Baba Scarf Red

CAD $25.00

We have orange available here too!

In the late 1890’s, the Canadian government advertised heavily in Europe, encouraging immigration and the opportunity to work and to own land in Canada’s western territories. Although Ukrainian immigration to Canada began in 1891, by 1911, with the growth of Russian socialism and the increasing failure of Tsar Nicholas II to manage political unrest, particularly amongst the lower classes and rural peasantry, the political situation in Ukraine was beginning to destabilize. Ukrainians left their homeland, both as political and as economic refugees.

Young women wore their hair down in single braids, but at marriage, it was braided in two braids as part of the wedding ceremony. From then on hair was worn up, and the head covered. In Slavic culture, hair was associated with vegetation due to its rapid growth, strength and density. You can often meet the following comparison in folklore: “growing like weeds in the road”, “Girl like a guelder rose,” “son like oak”. According to ancient beliefs, disheveled hair was associated magic and the underworld. Women with such hair were called witches and people tried to avoid dealing with them.

When the Slavic people immigrated to Canada, they exchanged / shared, & received folklore, folk magic, plants, & culture with the local indigenous people and that is why you see Kokum scarfs worn to this day. In the book Kohkum’s Babushka: A Magical Métis/Ukrainian Tale, Marion Mutala tells of an Indigenous man who stopped by her booth at a literary festival and after looking at her book, & remarked that “babushka” is a Cree word. ““Pootishka means ‘she is wearing’. It is either pronounced babushka or pootishka, in Ukrainian Baba, Бабуня (Babunya)”, “Бабця (Babtsya) means grandmother. As a child I always heard that word as babushka and I always just assumed that the word was just Ukrainian, so it is very cool to see that this is more cross cultural exchange.

See all my scarves here

Approx 27 x 27 inches

In stock

Description

In the late 1890’s, the Canadian government advertised heavily in Europe, encouraging immigration and the opportunity to work and to own land in Canada’s western territories. Although Ukrainian immigration to Canada began in 1891, by 1911, with the growth of Russian socialism and the increasing failure of Tsar Nicholas II to manage political unrest, particularly amongst the lower classes and rural peasantry, the political situation in Ukraine was beginning to destabilize. Ukrainians left their homeland, both as political and as economic refugees.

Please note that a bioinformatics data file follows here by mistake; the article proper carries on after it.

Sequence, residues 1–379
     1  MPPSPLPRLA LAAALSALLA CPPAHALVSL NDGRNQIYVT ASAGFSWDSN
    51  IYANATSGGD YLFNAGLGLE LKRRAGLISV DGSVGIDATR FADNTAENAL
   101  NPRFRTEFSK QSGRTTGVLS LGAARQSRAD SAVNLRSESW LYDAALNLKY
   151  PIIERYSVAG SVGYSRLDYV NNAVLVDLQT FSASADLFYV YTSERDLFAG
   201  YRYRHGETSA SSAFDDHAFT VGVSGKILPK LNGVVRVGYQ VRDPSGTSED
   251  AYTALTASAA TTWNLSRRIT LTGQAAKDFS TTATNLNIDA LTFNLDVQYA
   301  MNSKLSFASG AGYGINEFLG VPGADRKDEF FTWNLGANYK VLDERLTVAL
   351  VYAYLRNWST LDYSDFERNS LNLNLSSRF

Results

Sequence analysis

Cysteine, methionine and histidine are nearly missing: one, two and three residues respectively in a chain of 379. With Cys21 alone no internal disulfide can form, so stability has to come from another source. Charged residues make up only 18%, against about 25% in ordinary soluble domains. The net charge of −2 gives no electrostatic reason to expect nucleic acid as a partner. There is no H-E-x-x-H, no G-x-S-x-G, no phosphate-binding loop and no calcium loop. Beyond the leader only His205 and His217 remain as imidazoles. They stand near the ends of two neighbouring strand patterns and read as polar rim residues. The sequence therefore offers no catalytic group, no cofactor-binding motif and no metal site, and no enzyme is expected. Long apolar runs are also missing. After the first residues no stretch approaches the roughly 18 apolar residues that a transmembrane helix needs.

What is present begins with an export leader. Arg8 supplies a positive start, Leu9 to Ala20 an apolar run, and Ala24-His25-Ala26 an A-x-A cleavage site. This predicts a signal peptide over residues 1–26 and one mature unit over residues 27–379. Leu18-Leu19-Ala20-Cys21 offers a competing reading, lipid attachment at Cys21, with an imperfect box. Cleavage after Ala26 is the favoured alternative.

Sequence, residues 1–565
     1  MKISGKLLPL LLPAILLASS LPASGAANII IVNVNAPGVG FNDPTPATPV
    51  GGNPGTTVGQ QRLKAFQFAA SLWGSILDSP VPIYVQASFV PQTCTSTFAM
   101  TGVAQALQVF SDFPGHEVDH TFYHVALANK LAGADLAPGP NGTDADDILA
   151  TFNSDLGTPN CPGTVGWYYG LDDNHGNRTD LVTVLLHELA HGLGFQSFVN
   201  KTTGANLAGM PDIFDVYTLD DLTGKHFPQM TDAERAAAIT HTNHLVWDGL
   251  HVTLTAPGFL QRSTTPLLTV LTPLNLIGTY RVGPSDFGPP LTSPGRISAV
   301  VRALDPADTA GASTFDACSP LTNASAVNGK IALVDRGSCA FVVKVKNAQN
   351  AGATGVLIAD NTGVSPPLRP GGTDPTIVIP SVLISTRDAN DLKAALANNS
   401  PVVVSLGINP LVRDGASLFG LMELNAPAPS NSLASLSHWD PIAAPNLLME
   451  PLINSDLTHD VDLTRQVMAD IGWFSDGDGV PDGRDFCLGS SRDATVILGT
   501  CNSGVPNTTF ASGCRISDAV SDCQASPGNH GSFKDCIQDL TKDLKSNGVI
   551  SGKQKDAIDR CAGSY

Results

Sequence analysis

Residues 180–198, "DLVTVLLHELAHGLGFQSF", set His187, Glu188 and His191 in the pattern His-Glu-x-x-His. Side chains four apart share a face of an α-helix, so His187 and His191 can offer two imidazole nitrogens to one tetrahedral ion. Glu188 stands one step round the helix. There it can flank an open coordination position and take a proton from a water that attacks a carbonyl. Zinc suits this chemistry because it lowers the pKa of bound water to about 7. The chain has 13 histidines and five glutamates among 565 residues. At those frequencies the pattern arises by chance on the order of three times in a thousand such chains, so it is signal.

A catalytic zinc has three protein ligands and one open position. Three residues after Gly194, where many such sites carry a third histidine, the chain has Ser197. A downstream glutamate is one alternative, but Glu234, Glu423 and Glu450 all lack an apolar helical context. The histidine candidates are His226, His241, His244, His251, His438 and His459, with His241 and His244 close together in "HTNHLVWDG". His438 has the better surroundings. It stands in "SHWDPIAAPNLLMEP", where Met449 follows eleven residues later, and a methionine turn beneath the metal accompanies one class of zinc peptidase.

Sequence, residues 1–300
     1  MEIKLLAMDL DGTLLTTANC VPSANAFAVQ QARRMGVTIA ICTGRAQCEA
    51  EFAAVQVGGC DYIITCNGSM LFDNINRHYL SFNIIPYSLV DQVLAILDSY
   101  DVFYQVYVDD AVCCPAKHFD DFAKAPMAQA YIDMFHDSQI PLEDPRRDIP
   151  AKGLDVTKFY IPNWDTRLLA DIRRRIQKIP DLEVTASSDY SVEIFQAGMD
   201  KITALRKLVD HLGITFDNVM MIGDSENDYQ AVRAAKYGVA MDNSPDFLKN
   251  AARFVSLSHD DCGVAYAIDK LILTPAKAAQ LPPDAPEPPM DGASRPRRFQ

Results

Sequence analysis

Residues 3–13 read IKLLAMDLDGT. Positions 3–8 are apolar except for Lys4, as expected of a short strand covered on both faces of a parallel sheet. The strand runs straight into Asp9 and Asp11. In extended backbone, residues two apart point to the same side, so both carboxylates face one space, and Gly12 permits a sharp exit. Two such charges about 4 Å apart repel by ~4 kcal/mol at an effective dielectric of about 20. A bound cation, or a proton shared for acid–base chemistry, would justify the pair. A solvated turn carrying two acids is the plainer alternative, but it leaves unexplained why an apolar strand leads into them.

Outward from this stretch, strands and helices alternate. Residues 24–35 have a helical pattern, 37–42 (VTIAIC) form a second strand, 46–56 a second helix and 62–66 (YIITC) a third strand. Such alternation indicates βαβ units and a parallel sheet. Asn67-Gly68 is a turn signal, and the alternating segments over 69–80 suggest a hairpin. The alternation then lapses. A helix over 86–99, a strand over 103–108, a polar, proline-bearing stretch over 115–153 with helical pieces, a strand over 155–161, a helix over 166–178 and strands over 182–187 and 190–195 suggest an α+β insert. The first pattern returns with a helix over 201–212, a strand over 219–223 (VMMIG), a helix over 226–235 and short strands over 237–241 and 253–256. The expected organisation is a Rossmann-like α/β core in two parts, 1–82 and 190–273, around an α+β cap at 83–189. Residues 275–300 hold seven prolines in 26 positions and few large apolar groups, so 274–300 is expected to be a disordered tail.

Young women wore their hair down in single braids, but at marriage, it was braided in two braids as part of the wedding ceremony. From then on hair was worn up, and the head covered. In Slavic culture, hair was associated with vegetation due to its rapid growth, strength and density. You can often meet the following comparison in folklore: “growing like weeds in the road”, “Girl like a guelder rose,” “son like oak”. According to ancient beliefs, disheveled hair was associated magic and the underworld. Women with such hair were called witches and people tried to avoid dealing with them.

When the Slavic people immigrated to Canada, they exchanged / shared, & received folklore, folk magic, plants, & culture with the local indigenous people and that is why you see Kokum scarfs worn to this day. In the book Kohkum’s Babushka: A Magical Métis/Ukrainian Tale, Marion Mutala tells of an Indigenous man who stopped by her booth at a literary festival and after looking at her book, & remarked that “babushka” is a Cree word. ““Pootishka means ‘she is wearing’. It is either pronounced babushka or pootishka, in Ukrainian Baba, Бабуня (Babunya)”, “Бабця (Babtsya) means grandmother. As a child I always heard that word as babushka and I always just assumed that the word was just Ukrainian, so it is very cool to see that this is more cross cultural exchange.

Additional information

Weight60 g
Dimensions19 × 14 × 1 cm

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